• Required minimum distributions (RMDs) are back. For 2020, the CARES Act suspended the requirement that those who are 70½ or older take an RMD from certain retirement savings accounts (including IRAs, 401(k)s, and Roth 401(k)s). This requirement is back for 2021 (though it applies beginning at age 72), and the Biden Administration has not proposed to suspend it again.  RMDs from IRAs and 401(k)s are taxable income.

The following are key consideration for year-end tax planning given the uncertainty of the passage of the tax legislative proposals:

  • Determine if (and how much) the 5% surtax will affect will affect you. With the elimination of the increase to the ordinary income tax rates, you must now only consider if you have significant income in excess of the $10 Million threshold, since the revised bill proposes a 5% surtax on the amount an individual taxpayer’s “modified” adjusted gross income (AGI) is in excess of $10 million. The surtax means it may be beneficial to defer deductions (including charitable deductions) to 2022 and beyond. This, however, is counter to the standard “tried and true” year-end tax planning mantra of deferring income and accelerating deductions to reduce the current year’s bill, which can have significant time-value-of-money benefits.
  • Use appreciated assets to make a charitable gift in 2021. As in previous years, gifts of appreciated assets (stock) remains a best practice.  With the continued bull market and potential for the proposed retroactive increase in the capital gains tax rates, charitable donations of appreciated property are more valuable than ever, providing not only a charitable deduction but also the potential to avoid the higher capital gains tax.
  • Consider donating to a Donor Advised Fund (DAF) this year for maximum flexibility. If you are considering making a significant donation to charity over time but want a deduction today, this may be the last year to utilize the current flexibility provided by a DAF. It can be especially beneficial to donate appreciated property, because by doing so you avoid capital gains taxation forever. Consider adding to an existing DAF or CLICK HERE to learn about opening a DAF at The Associated.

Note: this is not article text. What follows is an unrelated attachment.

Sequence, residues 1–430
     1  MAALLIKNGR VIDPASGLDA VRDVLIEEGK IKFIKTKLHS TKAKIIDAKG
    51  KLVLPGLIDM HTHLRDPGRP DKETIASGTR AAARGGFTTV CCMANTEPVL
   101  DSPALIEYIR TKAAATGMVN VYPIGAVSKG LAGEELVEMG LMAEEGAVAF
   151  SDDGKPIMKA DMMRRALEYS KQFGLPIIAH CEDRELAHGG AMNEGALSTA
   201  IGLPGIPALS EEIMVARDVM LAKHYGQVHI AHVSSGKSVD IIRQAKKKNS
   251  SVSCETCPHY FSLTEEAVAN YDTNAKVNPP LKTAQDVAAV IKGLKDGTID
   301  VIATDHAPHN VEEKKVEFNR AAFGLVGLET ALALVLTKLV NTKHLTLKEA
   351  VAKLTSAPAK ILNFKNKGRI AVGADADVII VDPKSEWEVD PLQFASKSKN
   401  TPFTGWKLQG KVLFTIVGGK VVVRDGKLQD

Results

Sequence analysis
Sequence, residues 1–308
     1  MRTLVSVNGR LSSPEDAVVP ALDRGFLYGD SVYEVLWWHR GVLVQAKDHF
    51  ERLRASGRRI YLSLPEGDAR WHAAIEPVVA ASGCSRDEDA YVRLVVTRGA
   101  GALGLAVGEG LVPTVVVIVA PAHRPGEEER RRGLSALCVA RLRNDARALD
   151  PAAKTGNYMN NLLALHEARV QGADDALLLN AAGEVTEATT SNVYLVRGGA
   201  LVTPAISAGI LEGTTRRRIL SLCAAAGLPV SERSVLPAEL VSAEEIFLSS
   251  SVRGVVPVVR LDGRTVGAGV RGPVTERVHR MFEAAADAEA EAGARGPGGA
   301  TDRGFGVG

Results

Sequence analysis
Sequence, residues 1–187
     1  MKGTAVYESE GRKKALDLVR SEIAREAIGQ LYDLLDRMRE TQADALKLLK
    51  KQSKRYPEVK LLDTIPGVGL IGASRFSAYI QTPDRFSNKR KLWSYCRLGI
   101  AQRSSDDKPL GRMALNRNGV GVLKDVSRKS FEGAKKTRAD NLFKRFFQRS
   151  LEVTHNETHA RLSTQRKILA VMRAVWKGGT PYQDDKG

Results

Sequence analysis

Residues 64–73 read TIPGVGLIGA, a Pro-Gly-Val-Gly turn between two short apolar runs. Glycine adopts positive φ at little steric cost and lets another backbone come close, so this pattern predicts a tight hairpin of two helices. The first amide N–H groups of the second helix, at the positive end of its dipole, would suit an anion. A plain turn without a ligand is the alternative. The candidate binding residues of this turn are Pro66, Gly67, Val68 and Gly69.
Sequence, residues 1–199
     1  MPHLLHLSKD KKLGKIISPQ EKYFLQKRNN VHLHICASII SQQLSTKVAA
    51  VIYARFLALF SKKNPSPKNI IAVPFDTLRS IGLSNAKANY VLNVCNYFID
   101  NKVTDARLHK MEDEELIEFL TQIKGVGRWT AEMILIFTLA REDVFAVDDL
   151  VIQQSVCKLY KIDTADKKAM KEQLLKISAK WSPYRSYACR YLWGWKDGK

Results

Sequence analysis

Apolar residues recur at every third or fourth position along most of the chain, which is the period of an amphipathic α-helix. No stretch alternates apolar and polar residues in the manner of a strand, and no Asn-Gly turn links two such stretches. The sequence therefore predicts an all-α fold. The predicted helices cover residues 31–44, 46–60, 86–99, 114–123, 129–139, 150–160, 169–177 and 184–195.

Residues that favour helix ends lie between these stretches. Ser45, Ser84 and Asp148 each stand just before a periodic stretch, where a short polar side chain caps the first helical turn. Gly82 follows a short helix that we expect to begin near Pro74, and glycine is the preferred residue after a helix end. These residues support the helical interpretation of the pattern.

• Charitable donations of cash may be useful if offsetting a large portion of taxable income2021 likely will be the last year you can use a charitable donation of cash to offset more than 60% of your adjusted gross income. For those in a position to make a significant charitable gift of cash, this may provide an opportunity. Note that contributions in excess of 60% of AGI cannot be made to a DAF.
  • Look into an IRA charitable rolloverThe IRA charitable rollover is an attractive option because it can satisfy the RMD requirement without incurring income tax, even if you don’t itemize your deductions. Depending on whether proposed legislation expanding the rollover amount and allowing rollovers to charitable remainder trusts and gift annuities is enacted, this option could become even more attractive in future years.

As with any significant tax and charitable planning, it is always advisable to carefully consider potential changes in the context of your complete financial profile. We also recommend that you monitor the above legislative proposals as they will be considered by Congress later this year. Should any significant legislation be approved, we will communicate those changes to you and provide suggestions for your charitable giving.

The Associated’s professionals are ready to work with you and your advisors on ways to help maximize the financial and charitable benefits of any charitable planning strategies available to you. 

For more information, contact Jackie Yahr at 410-369-9248 or jyahr@associated.org.

This is for informational purposes only and should not be construed as legal, tax or financial advice. When considering gift planning strategies, you should always consult with your own legal and tax advisors